The Ware for June 2016 is an ATS810C by ATS Automation. There’s no information on their website about this particular board, but there’s lots of good ideas in the comments as to what this could be from. However, none of them have me 100% convinced. So I’ll just go with the first answer that generally identified the ware as a stepper motor controller with RS-232 interface by notafile. Congrats, email me for your prize!
Episode 4 is out!
It’s a daunting challenge to document a phenomenon as diverse as Shenzhen, so I don’t envy the task of trying to fit it in four short episodes.
Around 6:11 I start sounding like a China promo clip. This is because as a foreigner, I’m a bit cautious about saying negative things about a country, especially when I’m a guest of that country.
I really love the part at 3:58 where Robin Wu, CEO of Meegopad, reflects on the evolution of the term Shanzhai in China:
I was one of the people who made Shanzhai products. In the past, everyone looked down on Shanzhai products. Now, I think the idea of the maker is the same as Shanzhai. Shanzhai is not about copying. Shanzhai is a spirit.
Episode 3 is out!
I say the darndest things on camera. O_o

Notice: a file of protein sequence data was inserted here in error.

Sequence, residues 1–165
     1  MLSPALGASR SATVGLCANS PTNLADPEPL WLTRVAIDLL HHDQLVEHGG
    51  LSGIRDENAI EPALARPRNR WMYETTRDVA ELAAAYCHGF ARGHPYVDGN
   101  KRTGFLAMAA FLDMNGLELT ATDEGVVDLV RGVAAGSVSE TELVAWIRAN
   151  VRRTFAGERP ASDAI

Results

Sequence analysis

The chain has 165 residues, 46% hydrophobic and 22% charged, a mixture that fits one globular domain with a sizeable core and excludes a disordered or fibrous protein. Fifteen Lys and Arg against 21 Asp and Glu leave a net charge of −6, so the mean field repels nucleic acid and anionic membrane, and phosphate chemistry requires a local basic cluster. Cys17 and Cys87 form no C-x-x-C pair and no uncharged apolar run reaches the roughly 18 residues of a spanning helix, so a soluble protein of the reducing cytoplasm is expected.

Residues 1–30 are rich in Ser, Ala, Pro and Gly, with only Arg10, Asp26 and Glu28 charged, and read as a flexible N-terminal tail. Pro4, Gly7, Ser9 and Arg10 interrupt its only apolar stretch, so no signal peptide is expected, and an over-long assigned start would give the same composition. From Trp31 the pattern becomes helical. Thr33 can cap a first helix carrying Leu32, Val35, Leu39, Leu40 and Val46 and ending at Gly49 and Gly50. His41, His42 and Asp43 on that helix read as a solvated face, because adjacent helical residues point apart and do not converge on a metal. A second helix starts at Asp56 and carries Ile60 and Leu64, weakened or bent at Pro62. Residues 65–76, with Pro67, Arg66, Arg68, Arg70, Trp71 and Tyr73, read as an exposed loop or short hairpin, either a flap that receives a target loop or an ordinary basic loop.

Like everyone else, I see the videos when they are released. So far, this episode makes the clearest case for why Shenzhen is the up-and-coming place for hardware technology.
Most of the time my head is buried in resistors and capacitors. However, this video takes a wide-angle shot of the tech ecosystem. I’ve been visiting for over a decade, and this video is the first time I’ve seen some of the incredible things going on in Shenzhen, particularly in the corporate world.
Woooooo episode 2 is out!
I wrote a post once about getting my phone’s screen fixed in Shenzhen. I’ve learned a lot from watching these phone repair guys do their thing in Shenzhen.
This video shows most of the process, from splitting the bonded LCD/digitizer assembly using a cutting wire and a heated vacuum chuck, to rebonding, to removing bubbles in the LOCA (liquid optically clear adhesive) by way of a vacuum chamber. There’s also typically a UV curing step that was probably left out of the segment for time reasons. The whole video is a good watch, but if you’re short on time, the segment on repairing a screen starts at 12:36.
The Ware for June 2016 is shown below.
Thanks to Liwei from TinyMOS for contributing the ware. He found it on his way to school many years ago. The function of this board is probably an easy guess, so bonus points to anyone who has a convincing idea about the larger system this was once a part of.